What’s available on-demand on Freeview? Keep up-to-date with our weekly catch-up TV column, including reviews of shows on ITV Hub, new releases on All 4 and a guide to My5.
(For BBC TV reviews and round-ups, see our weekly Best of BBC iPlayer column. Or for reviews of the shows on All 4’s Walter Presents, click here.)
Fargo: Season 3 (All 4)
Fargo’s third season finally arrives on UK TV – and, rather impressively, it’s worth the wait. Yes, after three seasons, Noah Hawley’s precisely recreated offbeat noir vibe of the Coen brothers’ 1996 film has somehow lost none of its wit, nastiness, or sheer class. We begin, bizarrely, in East Berlin, as one man finds himself protesting his innocence in the face of the incorrect state’s stubborn insistence otherwise – and that sense of tragicomic futility in fighting a system bigger than you carries us perfectly into our latest tale in Minnesota.
There, we meet Emmit and Ray Stussy, two twin brothers who have found different paths in life: Emmit is successful and good-looking, while Ray is neither of those things. Why? That goes back to a long-held and bitter dispute over who got to inherit their father’s valuable stamps, although Emmit’s wealthy lifestyle has brought him little more advantages, judging by the appearance of a sinister debtor (played by the brilliantly weaselly David Thewlis). Ray, meanwhile, is a parole officer with a penchant for hiring his clients to do dirty work – or, in the case of Nikki (a scene-stealing Mary Elizabeth Winstead), dating them. Scott McNairy makes a brief cameo, a reminder of how colourful the supporting characters can be (watch out for Michael Stuhlbarg too) – and how prestigious the idea of starring in Fargo has become. Nobody believes that more than Ewan McGregor, it seems, as he jumps on the chance to play both feuding brothers with grinning relish, superb accents and some wonderfully convincing wigs. By the time bodies are stacking up in the snowy streets, it’s clear that Fargo has struck darkly comic gold once again.
Available until: 30th June 2017 (Episode 1)
Photo: George Kraychyk / Hulu
The Handmaid’s Tale (All 4)
This week has been something of a double-win for Channel 4, as the broadcaster became the (frustratedly belated) home of two of the most anticipated US shows of the year. The second, of course, is Hulu’s The Handmaid’s Tale. Set in a dystopian fundamentalist state, where “Handmaids” are women enslaved as child-bearers to the male masters of each house, impregnated ritually, routinely, righteously, so that the man and his pious wife can reap the rewards, it’s a sickening series that is as chilling as it is filled with fiery rage.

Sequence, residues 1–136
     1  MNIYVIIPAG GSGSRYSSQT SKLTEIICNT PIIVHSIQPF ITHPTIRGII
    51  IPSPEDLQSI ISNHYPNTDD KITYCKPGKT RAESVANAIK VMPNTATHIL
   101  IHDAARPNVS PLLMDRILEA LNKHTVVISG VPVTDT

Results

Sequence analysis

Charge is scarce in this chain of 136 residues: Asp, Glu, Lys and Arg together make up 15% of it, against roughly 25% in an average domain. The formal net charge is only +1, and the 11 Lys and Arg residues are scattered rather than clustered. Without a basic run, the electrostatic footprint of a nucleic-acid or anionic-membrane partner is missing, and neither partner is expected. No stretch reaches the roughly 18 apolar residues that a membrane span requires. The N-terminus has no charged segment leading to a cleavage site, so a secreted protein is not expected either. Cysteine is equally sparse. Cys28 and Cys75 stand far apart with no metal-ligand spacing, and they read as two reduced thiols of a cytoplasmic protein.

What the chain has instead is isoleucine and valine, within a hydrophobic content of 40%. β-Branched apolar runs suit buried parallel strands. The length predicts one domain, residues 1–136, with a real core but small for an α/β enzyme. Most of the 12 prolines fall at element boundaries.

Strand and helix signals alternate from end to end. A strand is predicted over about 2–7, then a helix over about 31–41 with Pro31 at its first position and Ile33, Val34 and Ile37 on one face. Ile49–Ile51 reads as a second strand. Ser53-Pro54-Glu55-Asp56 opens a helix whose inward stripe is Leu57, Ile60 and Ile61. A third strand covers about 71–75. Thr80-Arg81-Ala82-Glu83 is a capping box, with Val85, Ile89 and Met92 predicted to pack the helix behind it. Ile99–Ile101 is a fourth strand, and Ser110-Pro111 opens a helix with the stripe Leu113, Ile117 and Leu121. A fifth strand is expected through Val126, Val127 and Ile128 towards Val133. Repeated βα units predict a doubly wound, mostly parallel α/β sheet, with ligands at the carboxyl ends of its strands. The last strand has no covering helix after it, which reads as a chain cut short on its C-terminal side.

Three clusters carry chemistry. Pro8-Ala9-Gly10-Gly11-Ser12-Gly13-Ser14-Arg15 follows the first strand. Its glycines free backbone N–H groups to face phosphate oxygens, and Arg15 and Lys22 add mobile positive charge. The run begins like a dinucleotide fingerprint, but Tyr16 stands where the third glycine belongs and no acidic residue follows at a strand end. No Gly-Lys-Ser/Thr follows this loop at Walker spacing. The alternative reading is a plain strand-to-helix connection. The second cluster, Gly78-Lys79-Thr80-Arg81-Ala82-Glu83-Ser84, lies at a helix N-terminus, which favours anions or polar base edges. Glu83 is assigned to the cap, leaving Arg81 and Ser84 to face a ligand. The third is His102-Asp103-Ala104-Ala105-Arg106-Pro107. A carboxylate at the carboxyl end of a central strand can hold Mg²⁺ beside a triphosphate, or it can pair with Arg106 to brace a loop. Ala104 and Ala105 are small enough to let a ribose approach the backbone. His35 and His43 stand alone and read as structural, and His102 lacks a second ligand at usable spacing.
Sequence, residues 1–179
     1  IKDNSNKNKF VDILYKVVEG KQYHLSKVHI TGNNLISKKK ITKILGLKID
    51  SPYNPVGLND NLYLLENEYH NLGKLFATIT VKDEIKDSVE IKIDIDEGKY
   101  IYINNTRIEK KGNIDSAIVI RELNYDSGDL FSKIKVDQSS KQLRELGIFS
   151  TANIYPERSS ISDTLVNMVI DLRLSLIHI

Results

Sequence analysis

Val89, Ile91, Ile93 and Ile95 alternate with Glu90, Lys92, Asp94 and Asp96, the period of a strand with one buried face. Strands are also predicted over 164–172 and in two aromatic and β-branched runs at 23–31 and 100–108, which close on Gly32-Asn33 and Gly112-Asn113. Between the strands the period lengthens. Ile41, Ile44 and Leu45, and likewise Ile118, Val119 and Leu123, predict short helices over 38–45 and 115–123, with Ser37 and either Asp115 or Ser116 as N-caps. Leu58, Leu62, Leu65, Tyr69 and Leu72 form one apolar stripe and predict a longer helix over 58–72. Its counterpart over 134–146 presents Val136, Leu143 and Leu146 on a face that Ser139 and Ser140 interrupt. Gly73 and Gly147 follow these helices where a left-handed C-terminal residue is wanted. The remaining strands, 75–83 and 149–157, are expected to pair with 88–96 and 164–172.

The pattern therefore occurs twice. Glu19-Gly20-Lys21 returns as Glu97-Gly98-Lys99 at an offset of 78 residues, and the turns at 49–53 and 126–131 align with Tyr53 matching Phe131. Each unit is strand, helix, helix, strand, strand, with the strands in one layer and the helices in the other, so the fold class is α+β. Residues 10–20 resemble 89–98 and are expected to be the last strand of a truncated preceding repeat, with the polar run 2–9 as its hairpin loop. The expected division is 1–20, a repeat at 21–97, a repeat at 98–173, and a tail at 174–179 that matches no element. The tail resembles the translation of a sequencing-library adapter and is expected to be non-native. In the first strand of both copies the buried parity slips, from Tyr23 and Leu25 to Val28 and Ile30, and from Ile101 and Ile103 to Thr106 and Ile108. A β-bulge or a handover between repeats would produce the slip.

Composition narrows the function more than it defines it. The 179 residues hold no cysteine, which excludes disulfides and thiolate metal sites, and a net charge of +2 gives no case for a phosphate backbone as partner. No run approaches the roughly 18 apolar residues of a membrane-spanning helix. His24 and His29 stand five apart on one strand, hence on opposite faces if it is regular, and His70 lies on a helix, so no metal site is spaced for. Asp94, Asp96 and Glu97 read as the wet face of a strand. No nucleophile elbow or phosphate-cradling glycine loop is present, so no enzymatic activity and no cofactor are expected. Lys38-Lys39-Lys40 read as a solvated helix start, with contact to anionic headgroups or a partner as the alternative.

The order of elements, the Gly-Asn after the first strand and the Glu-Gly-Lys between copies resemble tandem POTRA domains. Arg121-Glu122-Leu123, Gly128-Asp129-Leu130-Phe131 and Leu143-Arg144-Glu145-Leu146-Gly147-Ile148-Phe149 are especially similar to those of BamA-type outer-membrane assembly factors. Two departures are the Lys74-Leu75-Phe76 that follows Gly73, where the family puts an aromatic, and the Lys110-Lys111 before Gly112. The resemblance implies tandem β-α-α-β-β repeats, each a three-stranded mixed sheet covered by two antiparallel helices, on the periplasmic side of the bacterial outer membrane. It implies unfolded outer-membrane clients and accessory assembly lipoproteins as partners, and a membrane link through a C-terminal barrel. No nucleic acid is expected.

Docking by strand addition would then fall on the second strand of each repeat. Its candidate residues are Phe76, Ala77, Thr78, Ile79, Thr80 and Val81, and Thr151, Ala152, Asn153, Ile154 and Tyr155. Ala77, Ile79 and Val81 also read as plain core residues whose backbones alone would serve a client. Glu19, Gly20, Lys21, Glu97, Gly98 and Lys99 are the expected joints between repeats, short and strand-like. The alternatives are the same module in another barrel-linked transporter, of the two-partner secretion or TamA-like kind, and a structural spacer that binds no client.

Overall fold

“This may not seem ordinary to you now. But it will. After time, this will become ordinary.” It’s hard to believe the words of Aunt Lydia (Ann Dowd), as she introduces new recruits to Gilead, as this community calls itself. But this tale of enforced fertility and female suppression is no science fiction set in an impossible universe: the impact is less about the shock of something new, and more the shock of something that normally happens in other countries occurring where you never thought it could.
The show arrives at a time when its relevance is harrowingly apparent. Only weeks ago in the USA, President Donald Trump (and a room full of men) signed a ban on federal funding for international groups that perform abortions. The gradual normalisation of new administrations and political directions is a pervasive, creeping thing occurring right now off-screen. The result is a skin-crawling immersion into a reality that is depressingly, disturbingly ordinary. The normality of it almost begins to sink in – and yet can’t, mustn’t and won’t. By the end of the suffocating first hour, even remembering one’s name feels like a rousing act of defiance. This is surely one of the year’s best series.
Available until: 27th June 2017 (Episode 1)
The Kennedys: Decline and Fall (My5)
Six years on for 2011’s Emmy-winning TV series, The Kennedys, and the filmmakers return for a follow-up film, this time exploring the aftermath of JFK’s assassination. There’s the making of a great movie in the study of Jackie Kennedy’s public and private personas, and the confused gulf in between, and, indeed, there is: Pablo Larrain’s Jackie, starring Natalie Portman. After such a barnstorming performance by Portman, Katie Holmes does well to make the role of Mrs. Kennedy her own; it’s just a shame that she has to do it with one of the worst screenplays imaginable.
Charting the Kennedy family’s fortunes and feelings over three decades, Decline and Fall is like watching something written by aliens trying to sound like human beings. Even worse are the dreadful costumes and bad make-up, which give everything the feel of a primary school production, as opposed to the prestigious People vs OJ Simpson-like style that the makers are clearly aiming for. Even Matthew Perry can’t emerge unscathed, as the Friends star is sucked into the whirling abyss of dire wigs and laughable dialogue as Ted Kennedy.
The film is known in the US as “After Camelot”, in reference to Jackie’s iconic description of JFK’s administration – a phrase recited with nuanced tragedy by Larrain’s Oscar-nominated biopic. This, however, removes any sense of ambiguity whatsoever. “I made it up for a news story after he died. I needed something pretty to wrap it in,” confesses Jackie here. Because why have subtle drama when you can explicitly say things out loud? Holmes deserves credit for jumping behind the camera to direct part of it, but this is something that should be erased from the CV of all involved. This is surely one of the worst things on TV this year.
Available until: 28th June 2017